Consider the significance of the Federal Reserve announcement last week of its plan to maintain a policy of cheap debt — continuing its “stimulus” plans that camouflage a stagnant economy by purchasing $85 billion a month of a variety of forms of debt. Troubling elements of such a policy include the fact that American taxpayers own a larger and larger share of all mortgage-backed securities thanks to the government takeover of Freddie Mac and Fannie Mae. Remember, these government service organizations were declared insolvent as recently as 2008 during the subprime housing crisis.
One of the most complex situations in the Middle East right now is the ongoing conflict in Syria between the government and opposition forces, in which at least an estimated 70,000 people have been killed.
Brahimi calls it a “quasi-Cold War” situation, with the United States supporting the opposition and Russia supporting the regime. Complicating the issue is the influence of regional powers such as Iran, Turkey, the Gulf States and the Arab League, as well as Israel’s military power in Israel.
Calling the continuing crisis an “absolute tragedy,” Brahimi holds many parties responsible for using tools of absolute war in order to gain power.
Surveillance State: Ecuador Implements “World’s First” Countrywide Facial- and Voice-Recognition System
Ecuador has installed a nationwide system that lets government officials ID “several million” people by their voices and faces, Slate reported. If an Ecuadorian agency taps a phone line, for example, it is now able to match the voices in a call with a database of “voiceprints” of known criminals, suspects and persons of interest. The voice system is 97 percent accurate, says the system’s maker, SpeechPro
Got some cash to spend? How about a piece of the Greek islands of Rhodes or Corfu? Or a royal palace, a marina, or even a consulate building?
As Greece is struggling to appease international lenders and live up to the conditions of its bailout, the debt-choked nation is speeding up the sale of state assets by expanding its privatization program. Greece’s state fund (Hellenic Republic Asset Development Fund or HRADF) now has more than 70,000 state-owned properties on offer for investors and it aims to generate 19 billion euro ($24.5 billion) by 2015 via the sales.
In Europe, breaking up the banks was long seen as more of a subject for armchair economists than a real prospect. But in recent weeks, even corporate leaders like Nikolaus von Bomhard, head of the insurance giant Munich Re, and Klaus Engel, CEO of chemical manufacturer Evonik Industries, have conceded that they would like to see a separation between high-risk investment banking and other bank operations.
Despite numerous reforms in the financial sector, there is one problem regulators have yet to solve: Many banks are so big that no country can afford to allow them to fail. This is why the government bailed out a number of financial companies starting in 2008, a move that allowed major banks like Deutsche Bank to grow even larger.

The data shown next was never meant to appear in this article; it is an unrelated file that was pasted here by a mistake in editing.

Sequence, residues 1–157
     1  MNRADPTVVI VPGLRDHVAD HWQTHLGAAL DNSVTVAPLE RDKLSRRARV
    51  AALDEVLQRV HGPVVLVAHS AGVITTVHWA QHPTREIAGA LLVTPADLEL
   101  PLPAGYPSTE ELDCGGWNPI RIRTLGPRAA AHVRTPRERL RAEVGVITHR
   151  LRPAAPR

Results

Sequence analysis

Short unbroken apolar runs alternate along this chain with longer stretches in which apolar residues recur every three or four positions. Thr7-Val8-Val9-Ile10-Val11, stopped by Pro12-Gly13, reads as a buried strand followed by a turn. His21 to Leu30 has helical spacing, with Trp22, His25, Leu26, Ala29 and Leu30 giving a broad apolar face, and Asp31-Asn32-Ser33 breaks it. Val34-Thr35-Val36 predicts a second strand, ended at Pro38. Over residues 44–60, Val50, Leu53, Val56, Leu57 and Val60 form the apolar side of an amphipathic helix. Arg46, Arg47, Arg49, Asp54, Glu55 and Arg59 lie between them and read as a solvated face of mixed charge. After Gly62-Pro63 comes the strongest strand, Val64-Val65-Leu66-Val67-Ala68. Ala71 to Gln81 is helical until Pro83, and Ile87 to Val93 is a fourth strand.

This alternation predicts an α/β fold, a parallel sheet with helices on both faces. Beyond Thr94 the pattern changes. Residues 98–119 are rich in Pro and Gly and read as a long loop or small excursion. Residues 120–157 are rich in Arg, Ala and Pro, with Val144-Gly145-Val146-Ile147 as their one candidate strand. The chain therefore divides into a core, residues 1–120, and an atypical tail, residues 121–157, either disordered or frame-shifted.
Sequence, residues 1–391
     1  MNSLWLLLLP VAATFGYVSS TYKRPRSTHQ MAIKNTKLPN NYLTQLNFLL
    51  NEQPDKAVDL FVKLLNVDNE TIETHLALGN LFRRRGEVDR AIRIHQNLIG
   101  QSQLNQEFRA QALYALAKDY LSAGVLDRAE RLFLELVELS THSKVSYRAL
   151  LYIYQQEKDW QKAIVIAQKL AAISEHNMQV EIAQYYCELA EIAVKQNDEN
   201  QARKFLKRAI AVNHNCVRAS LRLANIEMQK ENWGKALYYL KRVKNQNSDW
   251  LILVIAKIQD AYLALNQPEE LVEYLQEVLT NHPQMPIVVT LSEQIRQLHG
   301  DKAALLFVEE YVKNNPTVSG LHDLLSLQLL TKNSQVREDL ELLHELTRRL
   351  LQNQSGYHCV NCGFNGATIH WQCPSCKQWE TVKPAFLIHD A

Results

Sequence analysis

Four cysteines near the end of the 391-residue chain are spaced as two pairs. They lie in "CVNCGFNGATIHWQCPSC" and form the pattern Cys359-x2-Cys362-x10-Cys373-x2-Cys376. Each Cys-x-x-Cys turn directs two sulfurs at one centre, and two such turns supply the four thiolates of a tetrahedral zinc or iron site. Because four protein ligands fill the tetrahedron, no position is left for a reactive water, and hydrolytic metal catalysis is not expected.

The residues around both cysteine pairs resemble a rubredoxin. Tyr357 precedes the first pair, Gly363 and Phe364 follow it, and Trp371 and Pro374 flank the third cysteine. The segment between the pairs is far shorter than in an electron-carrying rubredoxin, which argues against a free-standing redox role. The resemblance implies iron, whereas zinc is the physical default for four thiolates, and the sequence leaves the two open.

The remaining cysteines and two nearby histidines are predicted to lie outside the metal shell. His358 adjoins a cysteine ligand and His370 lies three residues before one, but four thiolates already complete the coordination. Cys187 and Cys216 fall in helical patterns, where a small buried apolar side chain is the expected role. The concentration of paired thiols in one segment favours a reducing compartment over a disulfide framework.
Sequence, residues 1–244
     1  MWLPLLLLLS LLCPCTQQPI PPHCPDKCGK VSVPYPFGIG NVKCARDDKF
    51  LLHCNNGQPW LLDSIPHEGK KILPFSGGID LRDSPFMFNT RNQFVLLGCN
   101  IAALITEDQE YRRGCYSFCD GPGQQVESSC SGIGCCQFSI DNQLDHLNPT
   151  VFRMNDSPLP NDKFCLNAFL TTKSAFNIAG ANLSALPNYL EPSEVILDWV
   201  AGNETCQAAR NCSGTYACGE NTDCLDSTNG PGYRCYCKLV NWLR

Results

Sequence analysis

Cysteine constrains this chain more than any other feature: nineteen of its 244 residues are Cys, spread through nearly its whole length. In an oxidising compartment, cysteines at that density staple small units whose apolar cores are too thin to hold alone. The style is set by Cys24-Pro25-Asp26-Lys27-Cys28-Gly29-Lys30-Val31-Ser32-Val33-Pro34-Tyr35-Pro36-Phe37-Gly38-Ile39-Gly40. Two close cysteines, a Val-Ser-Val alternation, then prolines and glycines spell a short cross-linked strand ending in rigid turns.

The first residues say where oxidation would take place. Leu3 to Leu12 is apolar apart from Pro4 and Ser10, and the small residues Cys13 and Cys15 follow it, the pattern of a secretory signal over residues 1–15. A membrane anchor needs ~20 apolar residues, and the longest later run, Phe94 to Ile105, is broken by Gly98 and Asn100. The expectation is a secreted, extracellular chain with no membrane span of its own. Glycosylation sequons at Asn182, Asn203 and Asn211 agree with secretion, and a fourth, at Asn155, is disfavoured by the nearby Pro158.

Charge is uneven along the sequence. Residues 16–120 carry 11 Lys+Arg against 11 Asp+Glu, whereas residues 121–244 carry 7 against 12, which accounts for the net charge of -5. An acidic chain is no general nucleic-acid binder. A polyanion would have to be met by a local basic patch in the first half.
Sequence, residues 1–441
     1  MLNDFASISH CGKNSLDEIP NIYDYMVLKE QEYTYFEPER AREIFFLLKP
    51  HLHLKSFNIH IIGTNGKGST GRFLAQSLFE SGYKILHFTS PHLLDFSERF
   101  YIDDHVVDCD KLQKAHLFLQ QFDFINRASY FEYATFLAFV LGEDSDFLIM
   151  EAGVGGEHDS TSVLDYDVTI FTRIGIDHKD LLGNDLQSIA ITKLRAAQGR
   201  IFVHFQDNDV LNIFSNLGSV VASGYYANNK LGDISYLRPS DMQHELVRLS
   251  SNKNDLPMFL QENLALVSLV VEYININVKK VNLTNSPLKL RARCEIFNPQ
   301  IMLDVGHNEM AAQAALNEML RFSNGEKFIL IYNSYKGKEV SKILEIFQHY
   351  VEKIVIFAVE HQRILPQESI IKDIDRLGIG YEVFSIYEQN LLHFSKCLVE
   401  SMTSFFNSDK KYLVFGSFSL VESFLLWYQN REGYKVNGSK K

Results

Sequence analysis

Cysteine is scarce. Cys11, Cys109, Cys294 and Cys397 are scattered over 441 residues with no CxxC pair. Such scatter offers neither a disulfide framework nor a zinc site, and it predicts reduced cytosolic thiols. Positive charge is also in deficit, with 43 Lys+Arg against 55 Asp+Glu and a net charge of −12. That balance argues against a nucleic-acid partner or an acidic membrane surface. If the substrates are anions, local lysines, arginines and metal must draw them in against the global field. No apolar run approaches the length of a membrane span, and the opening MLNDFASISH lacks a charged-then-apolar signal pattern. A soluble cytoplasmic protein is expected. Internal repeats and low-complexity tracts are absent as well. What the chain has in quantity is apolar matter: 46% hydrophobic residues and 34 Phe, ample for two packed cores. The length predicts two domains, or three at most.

Lebanon may have more offshore natural gas deposits than Cyprus and Syria, based on a recent 3-D seismic survey, the CEO of Norway-based Spectrum Company said, according to albawaba.com.
“My humble opinion based on the data that I have is that there is greater potential [for natural gas] offshore Lebanon than offshore Cyprus and offshore Syria,” David Rowlands told The Daily Star.
He added that the Levantine basin offshore Lebanon was more perceptive than offshore Cyprus and Syria.
Bank of International Settlements: Gold Becomes a Tier 1 Asset Class for Banks, A Stabilizing Mechanism
In a surprise twist that only a few years ago would have been considered preposterous, the BCBS is entertaining whether gold should qualify as a full-fledged Tier 1 capital asset. Currently, the precious metal is relinquished to a Tier 3 status, deserving no more than a 50% weighting at that.
Here’s why that distinction is important and potentially astonishing.
Achieving Tier 1 status would credit gold with the recognition it’s been denied ever since Nixon closed the gold window on August 15, 1971.
he world community, including the United States, is at a crossroads about the right steps to forcefully prevent the further slaughter of civilians in Syria. There are many good reasons to intervene — to stop the death, detention and probable torture of any number of innocents; to support the democratic right of people to consent to rule by a freely elected government; and to avoid a repeat of the U.S. inaction that allowed Iran’s dictatorship to prevail in 2009.
There are just as many reasons not to intervene — the sovereignty of nations; the moral hazard of providing U.S. troops where our national interest does not dictate; and the uncertainty about those we would be helping take power. All the while, do-nothing diplomatic talks and easily ignored cease-fires continue to fail because the talking doesn’t change the facts on the ground.